What a joyful month June is! June’s warm sunshine seems to infuse every fibre of our beings, imbuing our souls with a feeling of uplifting bliss that can only be found outdoors. June also brings us the gift of sweet summer rain to refresh our plants, and with it the excitement of a great many wonderful growing opportunities in the garden; it’s hard to beat this time of year!
Garden designer Dr Catherine MacDonald devised the Seedlip Garden as a celebration of the pea – Pisum sativum.
I love to visit the Grand Pavilion at the RHS Chelsea Flower Show! This vast arena, which extends to almost three acres in size, is filled with super exhibits created by around one hundred specialist nurseries during the week of the RHS Chelsea Flower Show. It’s such a joy to visit! If you’re looking for some new plants, and you don’t have a particular variety or species in mind, visiting specialist nurseries, or enjoying a day out at a specialist plant fair, or a flower show, such as the RHS Chelsea Flower Show or the RHS Hampton Court Palace Flower Show, can help to connect you with your new favourite plant or plants!
Peatlands are extraordinary environments, which cover just 2-3% of the planet’s surface. These scarce ecosystems are also very fragile, they are dependent on sufficient moisture levels being available, and they require a slightly cooler temperature range to allow the necessary sphagnum moss, which slowly forms peat, to grow, flourish, and reproduce. Peat bogs can increase at a rate of one millimetre per year if the desired conditions are present.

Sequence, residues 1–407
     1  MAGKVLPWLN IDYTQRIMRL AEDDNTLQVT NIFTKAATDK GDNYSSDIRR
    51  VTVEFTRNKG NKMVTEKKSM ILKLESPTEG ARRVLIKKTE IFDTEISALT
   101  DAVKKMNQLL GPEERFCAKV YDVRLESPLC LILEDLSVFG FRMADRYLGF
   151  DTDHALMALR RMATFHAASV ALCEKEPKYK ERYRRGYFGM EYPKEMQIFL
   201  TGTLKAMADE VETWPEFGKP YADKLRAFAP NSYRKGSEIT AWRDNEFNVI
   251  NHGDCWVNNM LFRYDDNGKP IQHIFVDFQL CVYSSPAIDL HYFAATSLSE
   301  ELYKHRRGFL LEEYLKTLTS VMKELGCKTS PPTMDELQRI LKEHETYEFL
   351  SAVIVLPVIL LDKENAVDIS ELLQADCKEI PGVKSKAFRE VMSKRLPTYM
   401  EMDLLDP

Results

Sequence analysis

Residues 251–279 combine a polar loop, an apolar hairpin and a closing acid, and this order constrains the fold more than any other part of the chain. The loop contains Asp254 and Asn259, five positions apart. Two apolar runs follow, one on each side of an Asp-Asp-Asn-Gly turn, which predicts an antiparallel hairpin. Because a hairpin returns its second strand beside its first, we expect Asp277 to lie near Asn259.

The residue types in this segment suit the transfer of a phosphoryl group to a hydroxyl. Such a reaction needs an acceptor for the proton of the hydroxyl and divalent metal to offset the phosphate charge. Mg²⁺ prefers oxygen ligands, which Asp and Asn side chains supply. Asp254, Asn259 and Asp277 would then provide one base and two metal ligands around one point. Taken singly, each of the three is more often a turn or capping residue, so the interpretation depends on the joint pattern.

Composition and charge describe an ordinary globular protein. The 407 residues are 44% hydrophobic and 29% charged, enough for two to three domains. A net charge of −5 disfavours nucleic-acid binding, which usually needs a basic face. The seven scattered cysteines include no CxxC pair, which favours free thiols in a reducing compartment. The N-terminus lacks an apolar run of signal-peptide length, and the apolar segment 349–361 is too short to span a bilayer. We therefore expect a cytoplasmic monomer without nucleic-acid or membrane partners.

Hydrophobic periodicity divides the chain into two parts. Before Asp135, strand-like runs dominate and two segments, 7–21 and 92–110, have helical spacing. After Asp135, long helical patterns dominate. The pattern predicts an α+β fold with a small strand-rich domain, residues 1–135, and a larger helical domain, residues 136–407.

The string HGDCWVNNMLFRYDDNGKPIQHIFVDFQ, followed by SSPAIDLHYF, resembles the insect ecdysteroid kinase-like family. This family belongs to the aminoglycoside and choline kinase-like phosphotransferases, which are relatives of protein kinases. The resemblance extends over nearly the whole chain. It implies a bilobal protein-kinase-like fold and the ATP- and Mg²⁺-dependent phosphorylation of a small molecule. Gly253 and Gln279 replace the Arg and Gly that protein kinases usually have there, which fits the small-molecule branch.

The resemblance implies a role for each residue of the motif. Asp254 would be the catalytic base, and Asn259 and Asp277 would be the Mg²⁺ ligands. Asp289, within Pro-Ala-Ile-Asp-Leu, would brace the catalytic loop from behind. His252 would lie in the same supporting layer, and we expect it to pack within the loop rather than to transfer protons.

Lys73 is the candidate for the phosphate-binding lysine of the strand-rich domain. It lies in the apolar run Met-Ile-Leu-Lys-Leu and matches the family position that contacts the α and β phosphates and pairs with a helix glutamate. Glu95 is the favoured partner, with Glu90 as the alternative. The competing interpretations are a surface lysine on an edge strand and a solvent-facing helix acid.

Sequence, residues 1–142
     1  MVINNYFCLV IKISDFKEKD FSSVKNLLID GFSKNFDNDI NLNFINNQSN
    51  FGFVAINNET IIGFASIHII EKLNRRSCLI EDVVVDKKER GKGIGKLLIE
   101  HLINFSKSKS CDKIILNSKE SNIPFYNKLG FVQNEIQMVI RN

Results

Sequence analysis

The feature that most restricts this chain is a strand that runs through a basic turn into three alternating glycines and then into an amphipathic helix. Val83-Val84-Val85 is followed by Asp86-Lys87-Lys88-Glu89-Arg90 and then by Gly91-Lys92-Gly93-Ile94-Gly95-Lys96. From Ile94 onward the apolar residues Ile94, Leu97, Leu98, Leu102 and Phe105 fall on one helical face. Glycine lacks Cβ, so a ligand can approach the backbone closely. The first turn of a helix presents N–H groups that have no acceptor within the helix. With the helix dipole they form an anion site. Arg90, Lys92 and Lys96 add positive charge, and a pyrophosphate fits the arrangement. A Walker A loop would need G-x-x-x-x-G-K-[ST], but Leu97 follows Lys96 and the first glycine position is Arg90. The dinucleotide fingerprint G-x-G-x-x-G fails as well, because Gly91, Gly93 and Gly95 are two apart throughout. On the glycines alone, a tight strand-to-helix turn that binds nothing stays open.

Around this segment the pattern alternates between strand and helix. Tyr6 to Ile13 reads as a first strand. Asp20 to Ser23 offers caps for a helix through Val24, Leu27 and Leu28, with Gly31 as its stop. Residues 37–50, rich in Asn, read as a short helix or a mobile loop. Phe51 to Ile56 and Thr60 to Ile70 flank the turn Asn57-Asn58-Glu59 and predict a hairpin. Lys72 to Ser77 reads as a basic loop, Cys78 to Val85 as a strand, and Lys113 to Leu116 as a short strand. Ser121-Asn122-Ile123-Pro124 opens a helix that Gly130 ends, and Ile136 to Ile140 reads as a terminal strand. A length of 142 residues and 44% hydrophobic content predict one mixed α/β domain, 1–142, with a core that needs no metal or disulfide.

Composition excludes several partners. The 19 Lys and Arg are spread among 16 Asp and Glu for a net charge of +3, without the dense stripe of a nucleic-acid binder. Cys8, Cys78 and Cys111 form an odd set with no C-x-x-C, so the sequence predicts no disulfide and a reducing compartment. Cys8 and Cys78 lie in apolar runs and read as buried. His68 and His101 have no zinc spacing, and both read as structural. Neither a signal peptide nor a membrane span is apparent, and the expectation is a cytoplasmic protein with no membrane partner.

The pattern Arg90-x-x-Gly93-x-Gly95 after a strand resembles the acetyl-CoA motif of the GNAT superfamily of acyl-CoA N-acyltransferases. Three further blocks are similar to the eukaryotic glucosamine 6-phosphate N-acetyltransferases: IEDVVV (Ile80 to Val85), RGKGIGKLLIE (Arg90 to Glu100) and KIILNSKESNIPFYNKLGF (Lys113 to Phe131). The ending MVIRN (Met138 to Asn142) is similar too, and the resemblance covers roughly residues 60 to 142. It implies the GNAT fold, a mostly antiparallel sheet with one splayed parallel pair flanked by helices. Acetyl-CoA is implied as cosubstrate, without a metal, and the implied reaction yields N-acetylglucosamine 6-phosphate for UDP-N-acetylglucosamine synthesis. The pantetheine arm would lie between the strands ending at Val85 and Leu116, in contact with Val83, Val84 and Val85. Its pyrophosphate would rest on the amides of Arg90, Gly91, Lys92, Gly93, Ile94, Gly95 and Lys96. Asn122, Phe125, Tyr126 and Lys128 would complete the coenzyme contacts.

I have found that peat free composts can vary enormously: from bags of compost filled with bark chips, which could be used as a mulch, but can’t be used as intended – as a compost to grow container plants or seedlings, right through to the other extreme – the finest quality composts, which are capable of producing prize and award winning plants, and of course, every compost in between these two polar opposites!
The Chinese Kitchen Garden: growing techniques and family recipes from a classic cuisine
By Wendy Kiang-Spray
Published by Timber Press
If you’re making a list and checking it twice…..of all the interesting and exciting vegetables and crops that you hope to grow next year, then you might be interested to read The Chinese Kitchen Garden, a charming book, written by Wendy Kiang-Spray.
No Dig Organic Home & Garden:
Grow, Cook, Use & Store Your Harvest
By Charles Dowding & Stephanie Hafferty
Published by Permanent Publications
I have included the No Dig Organic Home & Garden book by Charles Dowding and Stephanie Hafferty in my recommended 2017 Gifts for Gardeners article, as this is simply a great gardening book, which clearly explains the principles of the organic ‘no dig’ method of gardening.
I used to have a large glasshouse. I felt so fortunate to be able to enjoy the use of my glasshouse, every day I appreciated the exciting range of crops I could grow inside, and the extended growing season and bountiful harvest that my glasshouse helped to provide me with. I was so grateful, excited, and so inspired by the vast array of glorious fruit and vegetables that I grew inside the glasshouse.
Inside the Floral Marquee at the RHS Hampton Court Palace Flower Show 2017, I met Jackie Currie, a passionate Allium expert and Garden Designer from Surrey. The RHS judges presented Jackie with a Silver-Gilt Medal, for her first ever exhibit at Hampton Court, which featured a selection of Alliums, from Jackie Currie’s National Collection of Alliums.Jackie Currie’s Allium exhibit, which was designed to showcase the beauty of the Allium, and to inform visitors of how to cultivate Allium species, cultivars, and hybrids, from this interesting genus.